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European Central Bank slows its bond purchases as inflation surges

  • Markets had been eagerly awaiting the Frankfurt institution's latest policy decision for signs of an imminent unwinding of pandemic-era stimulus, amid surging inflation and strong economic growth.
  • Euro zone inflation notched a decade high of 3% in August and GDP across the 19-member common currency bloc climbed 2% in the second quarter, exceeding economist expectations.

Christine Lagarde (R), President of the European Central Bank (ECB), and Vicepresident Luis de Guindos (L)Thomas Lohnes | Getty Images News | Getty Images

LONDON — The European Central Bank kept its monetary policy unchanged on Thursday but opted to slow down the pace of net asset purchases under its pandemic emergency purchase program.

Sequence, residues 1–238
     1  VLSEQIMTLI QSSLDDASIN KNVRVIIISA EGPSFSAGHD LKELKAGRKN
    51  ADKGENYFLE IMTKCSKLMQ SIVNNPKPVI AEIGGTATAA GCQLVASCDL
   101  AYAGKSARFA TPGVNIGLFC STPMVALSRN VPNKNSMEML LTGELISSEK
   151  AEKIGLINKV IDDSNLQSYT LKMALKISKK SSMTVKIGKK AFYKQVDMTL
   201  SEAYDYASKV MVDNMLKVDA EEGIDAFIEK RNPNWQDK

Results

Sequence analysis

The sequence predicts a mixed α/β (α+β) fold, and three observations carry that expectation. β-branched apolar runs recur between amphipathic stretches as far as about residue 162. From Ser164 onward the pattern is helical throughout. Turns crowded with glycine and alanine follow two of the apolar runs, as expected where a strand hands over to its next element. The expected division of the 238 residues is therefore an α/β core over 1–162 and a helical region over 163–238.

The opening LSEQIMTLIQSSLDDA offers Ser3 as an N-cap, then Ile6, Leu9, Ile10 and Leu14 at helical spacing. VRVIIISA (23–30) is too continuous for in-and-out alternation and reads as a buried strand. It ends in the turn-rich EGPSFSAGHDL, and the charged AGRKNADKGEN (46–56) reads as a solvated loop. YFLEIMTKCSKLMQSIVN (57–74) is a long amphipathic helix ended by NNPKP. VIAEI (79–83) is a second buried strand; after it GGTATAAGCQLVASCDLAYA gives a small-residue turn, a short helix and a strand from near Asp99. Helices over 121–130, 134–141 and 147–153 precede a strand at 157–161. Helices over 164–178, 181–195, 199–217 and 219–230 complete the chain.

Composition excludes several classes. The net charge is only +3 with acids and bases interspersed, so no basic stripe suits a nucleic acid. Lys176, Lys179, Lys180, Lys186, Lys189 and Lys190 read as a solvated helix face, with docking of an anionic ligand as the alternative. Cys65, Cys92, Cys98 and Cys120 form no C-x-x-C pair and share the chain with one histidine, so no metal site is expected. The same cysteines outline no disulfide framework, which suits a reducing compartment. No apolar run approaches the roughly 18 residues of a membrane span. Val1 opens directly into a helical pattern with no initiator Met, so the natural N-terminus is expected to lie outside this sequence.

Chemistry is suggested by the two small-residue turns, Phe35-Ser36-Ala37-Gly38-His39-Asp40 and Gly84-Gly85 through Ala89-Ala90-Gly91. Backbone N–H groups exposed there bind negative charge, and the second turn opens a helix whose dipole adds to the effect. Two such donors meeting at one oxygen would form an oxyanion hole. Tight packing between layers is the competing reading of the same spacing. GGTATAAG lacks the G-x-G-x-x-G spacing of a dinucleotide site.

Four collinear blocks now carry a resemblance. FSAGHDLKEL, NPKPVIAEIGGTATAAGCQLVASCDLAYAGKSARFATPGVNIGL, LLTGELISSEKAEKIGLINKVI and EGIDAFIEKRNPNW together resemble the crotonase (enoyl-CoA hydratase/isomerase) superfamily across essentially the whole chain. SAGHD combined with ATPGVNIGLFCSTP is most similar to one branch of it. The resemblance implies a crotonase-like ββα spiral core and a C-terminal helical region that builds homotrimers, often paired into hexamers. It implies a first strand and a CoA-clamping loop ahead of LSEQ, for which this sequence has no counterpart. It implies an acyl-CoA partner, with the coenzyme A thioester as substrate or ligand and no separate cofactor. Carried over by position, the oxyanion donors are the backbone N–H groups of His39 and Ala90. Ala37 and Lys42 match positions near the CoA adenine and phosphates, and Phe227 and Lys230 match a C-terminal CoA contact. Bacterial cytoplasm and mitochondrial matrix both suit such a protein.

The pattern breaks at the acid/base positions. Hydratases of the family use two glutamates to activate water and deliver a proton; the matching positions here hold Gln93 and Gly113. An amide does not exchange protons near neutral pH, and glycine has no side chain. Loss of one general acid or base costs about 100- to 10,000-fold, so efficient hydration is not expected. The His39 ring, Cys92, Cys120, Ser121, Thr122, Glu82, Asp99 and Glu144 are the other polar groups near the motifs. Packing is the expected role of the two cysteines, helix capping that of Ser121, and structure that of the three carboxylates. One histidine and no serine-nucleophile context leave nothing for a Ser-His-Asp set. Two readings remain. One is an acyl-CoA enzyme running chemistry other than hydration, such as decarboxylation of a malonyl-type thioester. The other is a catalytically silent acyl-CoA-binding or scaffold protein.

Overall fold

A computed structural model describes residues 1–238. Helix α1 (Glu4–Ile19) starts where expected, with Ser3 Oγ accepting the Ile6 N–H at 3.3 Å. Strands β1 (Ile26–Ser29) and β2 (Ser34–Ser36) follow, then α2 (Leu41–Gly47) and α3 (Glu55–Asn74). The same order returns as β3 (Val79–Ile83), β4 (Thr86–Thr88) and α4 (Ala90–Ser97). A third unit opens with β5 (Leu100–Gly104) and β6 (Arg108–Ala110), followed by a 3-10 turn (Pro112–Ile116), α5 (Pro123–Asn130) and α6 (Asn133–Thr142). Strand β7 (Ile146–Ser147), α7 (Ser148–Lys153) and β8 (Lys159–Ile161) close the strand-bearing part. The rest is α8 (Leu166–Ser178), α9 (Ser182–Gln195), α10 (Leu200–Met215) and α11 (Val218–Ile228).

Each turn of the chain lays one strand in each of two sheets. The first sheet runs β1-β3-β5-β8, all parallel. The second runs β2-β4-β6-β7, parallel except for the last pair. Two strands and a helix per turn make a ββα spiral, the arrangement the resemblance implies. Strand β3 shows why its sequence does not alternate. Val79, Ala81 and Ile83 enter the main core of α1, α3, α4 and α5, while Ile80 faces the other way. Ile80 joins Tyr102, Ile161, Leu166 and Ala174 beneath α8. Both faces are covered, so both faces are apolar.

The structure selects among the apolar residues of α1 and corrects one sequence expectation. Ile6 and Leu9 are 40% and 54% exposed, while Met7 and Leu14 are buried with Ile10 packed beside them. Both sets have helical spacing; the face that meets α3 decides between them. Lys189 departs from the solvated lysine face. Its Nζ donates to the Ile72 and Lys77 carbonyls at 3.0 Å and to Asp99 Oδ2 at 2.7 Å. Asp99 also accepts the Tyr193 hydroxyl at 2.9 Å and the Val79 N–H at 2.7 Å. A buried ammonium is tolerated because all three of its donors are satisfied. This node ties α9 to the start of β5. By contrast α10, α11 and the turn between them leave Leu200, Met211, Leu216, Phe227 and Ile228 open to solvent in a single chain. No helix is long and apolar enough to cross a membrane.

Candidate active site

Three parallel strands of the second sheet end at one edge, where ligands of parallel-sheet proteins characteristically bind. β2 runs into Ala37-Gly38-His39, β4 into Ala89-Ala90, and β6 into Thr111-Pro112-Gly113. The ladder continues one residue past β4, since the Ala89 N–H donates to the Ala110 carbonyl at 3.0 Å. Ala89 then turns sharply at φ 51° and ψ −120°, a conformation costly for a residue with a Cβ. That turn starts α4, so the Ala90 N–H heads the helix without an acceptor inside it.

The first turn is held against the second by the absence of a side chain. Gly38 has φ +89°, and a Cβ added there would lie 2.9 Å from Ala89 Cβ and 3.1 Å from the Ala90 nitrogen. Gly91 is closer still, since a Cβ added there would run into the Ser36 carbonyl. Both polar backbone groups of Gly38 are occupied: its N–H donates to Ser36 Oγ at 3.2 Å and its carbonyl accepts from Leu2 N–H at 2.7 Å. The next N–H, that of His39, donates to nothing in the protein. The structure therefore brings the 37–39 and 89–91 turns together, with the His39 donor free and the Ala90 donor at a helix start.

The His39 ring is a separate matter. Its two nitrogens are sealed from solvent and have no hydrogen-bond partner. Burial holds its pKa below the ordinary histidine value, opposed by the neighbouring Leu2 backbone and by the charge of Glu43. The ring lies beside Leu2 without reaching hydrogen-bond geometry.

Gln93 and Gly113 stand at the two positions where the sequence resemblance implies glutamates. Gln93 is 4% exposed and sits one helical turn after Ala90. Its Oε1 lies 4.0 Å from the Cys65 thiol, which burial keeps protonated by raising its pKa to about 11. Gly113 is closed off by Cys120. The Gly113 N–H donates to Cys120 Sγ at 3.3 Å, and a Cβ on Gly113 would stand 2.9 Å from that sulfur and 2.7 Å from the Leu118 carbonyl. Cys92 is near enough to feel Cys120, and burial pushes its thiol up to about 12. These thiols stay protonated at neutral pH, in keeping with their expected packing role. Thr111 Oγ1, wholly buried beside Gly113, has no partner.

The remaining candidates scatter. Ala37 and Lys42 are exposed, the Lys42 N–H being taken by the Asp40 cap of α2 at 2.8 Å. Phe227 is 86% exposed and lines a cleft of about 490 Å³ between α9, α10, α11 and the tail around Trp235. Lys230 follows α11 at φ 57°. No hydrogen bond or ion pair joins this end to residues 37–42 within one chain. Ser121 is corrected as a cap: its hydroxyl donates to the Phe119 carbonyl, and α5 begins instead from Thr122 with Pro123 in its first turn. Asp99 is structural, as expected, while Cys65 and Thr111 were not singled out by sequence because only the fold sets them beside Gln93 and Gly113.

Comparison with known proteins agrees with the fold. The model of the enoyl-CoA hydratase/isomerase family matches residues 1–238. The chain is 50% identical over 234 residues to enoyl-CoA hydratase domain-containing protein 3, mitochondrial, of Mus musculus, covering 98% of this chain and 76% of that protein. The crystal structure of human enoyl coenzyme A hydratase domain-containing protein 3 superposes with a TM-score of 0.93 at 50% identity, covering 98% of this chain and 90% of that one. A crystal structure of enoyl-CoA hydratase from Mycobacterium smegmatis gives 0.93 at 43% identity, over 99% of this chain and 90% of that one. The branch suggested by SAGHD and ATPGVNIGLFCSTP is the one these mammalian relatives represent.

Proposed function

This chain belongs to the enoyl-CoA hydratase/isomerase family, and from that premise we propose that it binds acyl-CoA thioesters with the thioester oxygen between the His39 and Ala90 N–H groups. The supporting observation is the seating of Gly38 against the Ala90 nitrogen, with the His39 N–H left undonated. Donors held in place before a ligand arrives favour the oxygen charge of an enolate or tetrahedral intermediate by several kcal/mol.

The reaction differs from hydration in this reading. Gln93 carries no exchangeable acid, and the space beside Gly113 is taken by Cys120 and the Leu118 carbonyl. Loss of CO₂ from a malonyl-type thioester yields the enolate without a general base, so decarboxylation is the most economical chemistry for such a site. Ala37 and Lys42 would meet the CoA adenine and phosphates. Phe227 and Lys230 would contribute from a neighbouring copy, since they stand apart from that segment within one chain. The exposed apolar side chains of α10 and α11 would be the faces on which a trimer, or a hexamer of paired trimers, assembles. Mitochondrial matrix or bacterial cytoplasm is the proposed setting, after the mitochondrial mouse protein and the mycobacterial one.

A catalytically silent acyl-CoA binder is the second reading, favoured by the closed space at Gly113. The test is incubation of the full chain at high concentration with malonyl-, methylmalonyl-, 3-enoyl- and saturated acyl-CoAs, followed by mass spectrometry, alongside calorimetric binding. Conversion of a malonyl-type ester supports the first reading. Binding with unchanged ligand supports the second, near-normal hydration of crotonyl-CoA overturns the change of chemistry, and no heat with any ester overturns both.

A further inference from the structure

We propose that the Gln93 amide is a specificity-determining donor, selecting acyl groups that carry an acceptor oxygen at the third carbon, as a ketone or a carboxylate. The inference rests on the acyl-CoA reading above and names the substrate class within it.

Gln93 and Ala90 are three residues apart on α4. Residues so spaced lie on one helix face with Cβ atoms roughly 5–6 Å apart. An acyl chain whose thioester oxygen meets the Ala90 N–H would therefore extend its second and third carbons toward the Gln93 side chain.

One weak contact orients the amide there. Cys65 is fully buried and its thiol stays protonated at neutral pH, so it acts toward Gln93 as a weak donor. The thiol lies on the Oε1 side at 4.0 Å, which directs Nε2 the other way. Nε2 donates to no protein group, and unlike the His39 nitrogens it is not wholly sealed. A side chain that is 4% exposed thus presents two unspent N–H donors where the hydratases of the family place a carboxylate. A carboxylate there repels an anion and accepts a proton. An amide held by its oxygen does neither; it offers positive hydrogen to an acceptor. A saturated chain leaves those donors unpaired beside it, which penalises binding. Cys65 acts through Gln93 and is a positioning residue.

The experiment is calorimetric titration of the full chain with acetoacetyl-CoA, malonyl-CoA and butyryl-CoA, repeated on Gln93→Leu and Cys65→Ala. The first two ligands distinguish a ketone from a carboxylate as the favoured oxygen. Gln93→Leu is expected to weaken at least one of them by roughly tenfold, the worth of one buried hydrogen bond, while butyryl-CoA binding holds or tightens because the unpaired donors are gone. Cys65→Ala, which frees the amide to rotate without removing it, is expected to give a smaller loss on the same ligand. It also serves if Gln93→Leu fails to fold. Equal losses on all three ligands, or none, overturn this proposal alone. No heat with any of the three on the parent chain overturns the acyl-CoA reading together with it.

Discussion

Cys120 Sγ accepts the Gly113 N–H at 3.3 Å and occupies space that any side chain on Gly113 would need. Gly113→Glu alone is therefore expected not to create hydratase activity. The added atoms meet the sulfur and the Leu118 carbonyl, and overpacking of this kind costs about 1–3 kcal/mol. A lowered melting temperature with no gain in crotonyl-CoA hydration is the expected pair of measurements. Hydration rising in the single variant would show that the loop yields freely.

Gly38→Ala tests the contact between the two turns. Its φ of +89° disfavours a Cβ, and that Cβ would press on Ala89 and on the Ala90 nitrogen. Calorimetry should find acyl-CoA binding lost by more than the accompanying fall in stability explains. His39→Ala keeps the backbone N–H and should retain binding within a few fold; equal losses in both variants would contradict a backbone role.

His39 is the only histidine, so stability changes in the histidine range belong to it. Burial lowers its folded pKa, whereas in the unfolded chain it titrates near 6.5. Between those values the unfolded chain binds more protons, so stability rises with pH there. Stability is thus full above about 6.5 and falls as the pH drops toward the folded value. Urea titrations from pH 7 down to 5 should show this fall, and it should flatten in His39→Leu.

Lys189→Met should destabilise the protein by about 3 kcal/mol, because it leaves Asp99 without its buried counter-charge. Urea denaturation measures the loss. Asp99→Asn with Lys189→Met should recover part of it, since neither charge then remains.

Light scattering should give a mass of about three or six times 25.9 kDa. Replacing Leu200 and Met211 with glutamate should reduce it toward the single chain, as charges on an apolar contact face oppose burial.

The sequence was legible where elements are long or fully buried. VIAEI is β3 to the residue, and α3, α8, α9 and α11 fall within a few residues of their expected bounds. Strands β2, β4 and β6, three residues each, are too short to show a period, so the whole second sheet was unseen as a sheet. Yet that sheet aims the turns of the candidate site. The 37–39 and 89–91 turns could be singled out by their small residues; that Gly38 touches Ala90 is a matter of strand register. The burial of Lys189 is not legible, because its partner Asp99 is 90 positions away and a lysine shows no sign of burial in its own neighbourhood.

The Governing Council voted to maintain the interest rate on the ECB's main refinancing operations at 0%, on the marginal lending facility at 0.25% and on the deposit facility at -0.5%.

"Based on a joint assessment of financing conditions and the inflation outlook, the Governing Council judges that favourable financing conditions can be maintained with a moderately lower pace of net asset purchases under the (PEPP) than in the previous two quarters," the ECB said in a statement.

Markets had been eagerly awaiting the Frankfurt institution's latest policy decision for signs of an imminent unwinding of pandemic-era stimulus, amid surging inflation and strong economic growth.

In a press conference Thursday, ECB President Christine Lagarde said the verdict was a "unanimous decision in all respects."

The euro gained 0.2% against the dollar following the decision to trade at around $1.1837, while European stocks pared earlier losses.

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